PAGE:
Bend-and-Swing Rigging

OK, here’s what we had to do: Remove two bent birch trees (leaders) that were overhanging a beach. We couldn’t just drop them into the lake, because we had no way to fish them out of the water. They would be partially submerged and ridiculously heavy underwater, and they were already full-length leaders weighing close to, well, let’s just say a lot. We didn’t have access to get a loader or truck in there, and we had nowhere to drag them if we did manage to get them out of the water. So we had to get creative. (Photo 1)

Photo 1: The two leaders overhanging the water. All photos by Tchukki Andersen.

The plan was to remove each of the two leaders in one piece. First the smaller leader, then the bigger one, by “bending” them at the base and then “swinging” them over to the shore. I selected a sturdy oak tree just up the shore to act as a gin pole. I ran a ½-inch, double-braid rigging rope through a block, climbed up about 35 feet and secured the block with a cow hitch. This rigging point was going to act as the rigging redirect and would have to endure a lot of side-load pressure as we cranked the two trees over to the beach. We attached our dependable Hobbs H2 lowering device at the base to take up the slack in the line and eventually lift the weight of the trees. (Photo 2)

Photo 2: Here we see the Hobbs H2 with the bollard filled with wraps to hold the weight of the leaders.

To tie the rigging line to the first tree, we shot a throwline out over the approximate center of gravity of the tree. Our ground operator had to do some fierce, in-boot toe gripping to avoid falling in the water as he retrieved the running end. (Photo 3)

Photo 3: The retrieve-the-throwline moment.

The rigging line was tied to the throwline and anchored on the leaning trunk with a running bowline. The first leader was much smaller and lighter than the second, so it was a good practice run for our bend-and-swing plan.

I made a notch at the base angled toward the gin-pole tree up the shore and cranked up the Hobbs to basically hold the entire weight of the small leader. Then I made a series of shallow back cuts to get the tree to start bending. The crew members cranked up the Hobbs one notch at a time as I made the shallow cuts and the tree swung over to the beach. We relied on all that hinge fiber to hold the weight of the tree and bend it toward the shore. It worked great, so we were feeling better about pulling over the larger leader. (Photo 4)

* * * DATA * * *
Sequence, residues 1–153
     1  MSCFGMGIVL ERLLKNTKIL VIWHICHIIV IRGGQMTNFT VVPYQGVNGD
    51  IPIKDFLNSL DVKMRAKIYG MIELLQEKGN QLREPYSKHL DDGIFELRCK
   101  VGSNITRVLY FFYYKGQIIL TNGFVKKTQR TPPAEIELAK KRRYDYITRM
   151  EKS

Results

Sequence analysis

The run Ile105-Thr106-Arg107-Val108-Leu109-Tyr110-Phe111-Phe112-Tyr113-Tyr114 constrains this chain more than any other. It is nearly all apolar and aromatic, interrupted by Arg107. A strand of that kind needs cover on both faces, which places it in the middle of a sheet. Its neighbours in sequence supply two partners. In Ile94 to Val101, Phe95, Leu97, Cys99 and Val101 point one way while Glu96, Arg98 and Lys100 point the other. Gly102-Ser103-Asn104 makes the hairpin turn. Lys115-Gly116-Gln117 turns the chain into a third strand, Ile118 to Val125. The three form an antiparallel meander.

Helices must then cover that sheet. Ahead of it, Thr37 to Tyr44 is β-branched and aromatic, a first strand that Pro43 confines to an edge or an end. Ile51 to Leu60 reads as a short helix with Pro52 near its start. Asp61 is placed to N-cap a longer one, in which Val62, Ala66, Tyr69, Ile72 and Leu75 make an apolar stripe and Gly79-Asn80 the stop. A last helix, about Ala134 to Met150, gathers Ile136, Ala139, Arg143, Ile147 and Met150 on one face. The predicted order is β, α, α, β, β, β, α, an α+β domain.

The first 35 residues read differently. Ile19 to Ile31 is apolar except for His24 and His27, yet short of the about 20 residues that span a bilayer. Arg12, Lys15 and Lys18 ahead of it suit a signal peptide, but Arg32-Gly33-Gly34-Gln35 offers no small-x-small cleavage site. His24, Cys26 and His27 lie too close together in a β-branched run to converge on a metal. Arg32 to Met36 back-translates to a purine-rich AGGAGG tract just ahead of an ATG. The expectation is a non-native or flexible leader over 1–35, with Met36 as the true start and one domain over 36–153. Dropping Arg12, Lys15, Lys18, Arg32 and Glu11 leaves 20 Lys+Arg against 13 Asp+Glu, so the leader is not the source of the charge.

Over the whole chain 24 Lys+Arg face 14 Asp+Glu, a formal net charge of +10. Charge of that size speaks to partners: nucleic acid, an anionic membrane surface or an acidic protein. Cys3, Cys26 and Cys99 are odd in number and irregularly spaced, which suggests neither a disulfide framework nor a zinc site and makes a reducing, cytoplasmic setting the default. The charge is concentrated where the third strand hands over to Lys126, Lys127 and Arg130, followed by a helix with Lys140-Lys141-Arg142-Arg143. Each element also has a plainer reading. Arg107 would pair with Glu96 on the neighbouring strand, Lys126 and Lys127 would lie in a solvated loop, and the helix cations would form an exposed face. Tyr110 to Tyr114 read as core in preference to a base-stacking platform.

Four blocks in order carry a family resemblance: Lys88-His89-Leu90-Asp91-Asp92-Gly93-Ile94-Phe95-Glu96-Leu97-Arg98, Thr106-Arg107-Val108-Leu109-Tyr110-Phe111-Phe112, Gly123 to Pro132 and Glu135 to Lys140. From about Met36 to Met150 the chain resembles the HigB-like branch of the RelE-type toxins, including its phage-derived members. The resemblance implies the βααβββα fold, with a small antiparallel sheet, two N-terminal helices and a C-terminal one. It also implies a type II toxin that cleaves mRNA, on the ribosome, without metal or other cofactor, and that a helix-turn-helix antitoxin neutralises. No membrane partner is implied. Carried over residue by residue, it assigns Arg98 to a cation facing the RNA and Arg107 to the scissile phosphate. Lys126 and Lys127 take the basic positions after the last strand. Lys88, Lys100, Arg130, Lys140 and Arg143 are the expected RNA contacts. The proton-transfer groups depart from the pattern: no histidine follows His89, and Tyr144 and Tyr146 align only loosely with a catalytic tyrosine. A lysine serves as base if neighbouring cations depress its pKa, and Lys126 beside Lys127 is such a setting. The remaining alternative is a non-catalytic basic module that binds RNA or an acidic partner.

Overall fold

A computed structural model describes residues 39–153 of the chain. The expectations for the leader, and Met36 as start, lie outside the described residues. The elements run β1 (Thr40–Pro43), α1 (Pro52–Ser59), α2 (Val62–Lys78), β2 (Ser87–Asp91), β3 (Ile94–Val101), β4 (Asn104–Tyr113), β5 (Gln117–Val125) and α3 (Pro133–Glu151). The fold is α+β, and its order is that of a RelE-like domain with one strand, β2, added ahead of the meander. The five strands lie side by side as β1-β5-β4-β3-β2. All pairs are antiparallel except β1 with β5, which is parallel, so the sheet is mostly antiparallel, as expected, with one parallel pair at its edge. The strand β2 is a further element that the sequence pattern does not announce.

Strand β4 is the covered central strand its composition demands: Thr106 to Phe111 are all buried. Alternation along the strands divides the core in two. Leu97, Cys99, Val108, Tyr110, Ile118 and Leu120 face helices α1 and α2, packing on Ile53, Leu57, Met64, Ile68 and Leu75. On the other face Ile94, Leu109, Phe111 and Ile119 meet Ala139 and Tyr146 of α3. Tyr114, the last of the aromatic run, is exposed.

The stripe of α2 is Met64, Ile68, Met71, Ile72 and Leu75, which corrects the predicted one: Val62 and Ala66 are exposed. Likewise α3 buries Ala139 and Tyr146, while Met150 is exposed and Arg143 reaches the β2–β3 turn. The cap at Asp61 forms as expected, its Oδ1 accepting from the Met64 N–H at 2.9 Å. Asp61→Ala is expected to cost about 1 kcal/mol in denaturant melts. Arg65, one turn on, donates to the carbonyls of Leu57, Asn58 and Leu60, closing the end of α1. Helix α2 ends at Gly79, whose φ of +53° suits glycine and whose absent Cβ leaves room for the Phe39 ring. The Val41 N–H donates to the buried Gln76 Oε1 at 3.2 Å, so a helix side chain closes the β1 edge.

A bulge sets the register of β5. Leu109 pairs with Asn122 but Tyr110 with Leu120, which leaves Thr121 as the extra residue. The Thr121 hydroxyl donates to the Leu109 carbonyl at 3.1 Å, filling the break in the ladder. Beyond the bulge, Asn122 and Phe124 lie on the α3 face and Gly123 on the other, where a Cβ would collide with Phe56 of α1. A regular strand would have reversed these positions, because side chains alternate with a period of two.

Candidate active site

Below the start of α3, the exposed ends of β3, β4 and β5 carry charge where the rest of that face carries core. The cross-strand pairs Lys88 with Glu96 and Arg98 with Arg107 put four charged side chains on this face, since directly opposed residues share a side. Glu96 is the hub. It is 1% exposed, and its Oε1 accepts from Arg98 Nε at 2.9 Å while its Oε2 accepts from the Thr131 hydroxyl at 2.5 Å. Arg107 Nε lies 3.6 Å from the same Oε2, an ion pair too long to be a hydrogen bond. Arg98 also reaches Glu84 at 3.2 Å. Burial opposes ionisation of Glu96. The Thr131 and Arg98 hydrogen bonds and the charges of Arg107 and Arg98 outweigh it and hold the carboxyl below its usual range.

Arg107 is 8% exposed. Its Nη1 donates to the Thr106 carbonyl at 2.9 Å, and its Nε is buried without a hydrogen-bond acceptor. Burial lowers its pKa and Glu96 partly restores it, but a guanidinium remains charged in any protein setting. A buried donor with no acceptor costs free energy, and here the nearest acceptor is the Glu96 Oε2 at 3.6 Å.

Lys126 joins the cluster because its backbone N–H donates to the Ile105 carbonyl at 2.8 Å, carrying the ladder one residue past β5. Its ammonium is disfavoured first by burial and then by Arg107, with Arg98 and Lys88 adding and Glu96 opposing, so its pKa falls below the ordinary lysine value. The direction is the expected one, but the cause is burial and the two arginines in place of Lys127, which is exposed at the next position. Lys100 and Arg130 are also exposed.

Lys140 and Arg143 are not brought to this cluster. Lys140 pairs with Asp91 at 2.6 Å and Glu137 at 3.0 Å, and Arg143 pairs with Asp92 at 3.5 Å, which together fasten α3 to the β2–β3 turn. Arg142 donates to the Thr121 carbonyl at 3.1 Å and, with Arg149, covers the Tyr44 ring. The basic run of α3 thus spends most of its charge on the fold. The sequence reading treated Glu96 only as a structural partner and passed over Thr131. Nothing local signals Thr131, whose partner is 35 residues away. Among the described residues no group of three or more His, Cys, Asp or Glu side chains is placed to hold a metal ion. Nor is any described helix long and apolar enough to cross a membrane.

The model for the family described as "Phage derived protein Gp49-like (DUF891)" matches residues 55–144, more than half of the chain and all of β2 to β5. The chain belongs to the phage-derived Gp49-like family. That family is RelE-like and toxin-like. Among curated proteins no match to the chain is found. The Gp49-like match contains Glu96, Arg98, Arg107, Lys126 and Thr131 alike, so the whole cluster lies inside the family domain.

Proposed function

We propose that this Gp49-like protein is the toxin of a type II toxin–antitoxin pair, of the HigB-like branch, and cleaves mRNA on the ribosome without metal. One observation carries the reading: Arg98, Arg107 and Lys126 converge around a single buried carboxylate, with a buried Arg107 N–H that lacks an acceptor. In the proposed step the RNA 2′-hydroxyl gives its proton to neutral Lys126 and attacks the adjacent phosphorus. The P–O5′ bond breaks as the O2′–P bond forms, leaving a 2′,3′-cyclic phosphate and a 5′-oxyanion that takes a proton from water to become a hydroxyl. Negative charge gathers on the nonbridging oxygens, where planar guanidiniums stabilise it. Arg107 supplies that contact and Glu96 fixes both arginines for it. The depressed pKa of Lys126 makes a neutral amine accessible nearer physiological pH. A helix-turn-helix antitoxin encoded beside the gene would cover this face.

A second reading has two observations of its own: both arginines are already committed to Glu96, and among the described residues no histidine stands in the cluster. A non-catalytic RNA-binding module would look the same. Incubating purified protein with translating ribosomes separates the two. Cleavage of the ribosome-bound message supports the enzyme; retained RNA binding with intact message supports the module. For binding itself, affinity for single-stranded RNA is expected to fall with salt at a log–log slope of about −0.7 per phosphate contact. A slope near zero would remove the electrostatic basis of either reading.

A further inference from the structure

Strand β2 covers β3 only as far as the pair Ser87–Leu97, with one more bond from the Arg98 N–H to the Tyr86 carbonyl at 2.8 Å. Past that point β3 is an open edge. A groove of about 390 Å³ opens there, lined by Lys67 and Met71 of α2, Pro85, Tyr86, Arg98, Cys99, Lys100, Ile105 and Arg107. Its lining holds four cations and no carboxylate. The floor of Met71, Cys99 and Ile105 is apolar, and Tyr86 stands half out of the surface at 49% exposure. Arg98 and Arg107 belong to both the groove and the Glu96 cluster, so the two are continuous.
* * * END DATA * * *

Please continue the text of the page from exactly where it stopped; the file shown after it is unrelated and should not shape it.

Photo 4: Cranking out the small leader.

We installed the rigging line in the canopy of the larger leader and reviewed the plan again. This time, the cuts at the base were more critical. We made a shallow face cut on the side toward the direction of pull. The idea was to leave a giant section of hinge wood – 3 to 4 inches – and use the strength of the fibers to bend the tree against the 3- to 4-inch hinge. The crew members cranked on the Hobbs, and the tree started to bend against the face cut. The hope was that the hefty hinge would not break at any point while the tree was over water and cause a boatload of additional problems. So we added a Port-a-Wrap lowering device just below the face cut and attached a separate tag line to keep the butt end from swinging out into the water when it was released. (Photo 5)

Photo 5: The 3-inch hinge in the larger leader.

The crew continued to crank on the Hobbs, pulling the tree over and closing the face cut. That giant hinge held! When the tree was parallel to the shore, I cautiously made some shallow back cuts to slowly release the fiber tension. I left just enough fiber so when the tree was lowered, the butt would not roll off into the water. (Photo 6)

Photo 6: The release cuts on the larger leader.

The crew members reversed the Hobbs and lowered the second birch leader to the ground. It worked. Everything went according to plan! I think the key to this being a successful operation was that we took everything very slowly and evaluated every step. We didn’t get greedy with our saw cuts, which was especially important when I made the release cuts. Now all we had to do was cut it all up and haul it out of there. (Photos 7 & 8)

Photo 7: Using the Hobbs to bend the second leader over.
Photo 8: It’s on the shore.

Chris Girard is a Certified Treecare Safety Professional (CTSP), a Certified Arborist, a Society of Professional Rope Access Technicians (SPRAT) Level 1 Technician and owner of Girard Tree Service, a 12-year TCIA member company based in Gilmanton, New Hampshire.

Tchukki Andersen, CTSP and Board Certified Master Arborist (BCMA), is staff arborist for the Tree Care Industry Association and author of TCIA’s revised and soon-to-be-released “Best Practices for Rigging in Arboriculture” manual.

Related articles

tree care worker spraying plants

Plant Health Care – Setting Yourself Apart

As the winter months pull away and we start to see plant health care (PHC) back on the horizon, I want to talk a little about the basics of PHC from a client perspective and some simple ways to set yourself apart from others in the industry. In the Greater Boston area, we are fortunate […]

Tree removal with a crane

Crane Crew Safety Culture

Before I was “The Crane Man,” I worked for another local crane company. I had been there for 10 years and was the tree-removal guy, but we ran 14 cranes and I wasn’t the only one doing trees. We had monthly safety meetings, but the concept of crane-assisted tree removals was new, and we lacked […]

Leave a Reply

Your email address will not be published. Required fields are marked *

Click to listen highlighted text!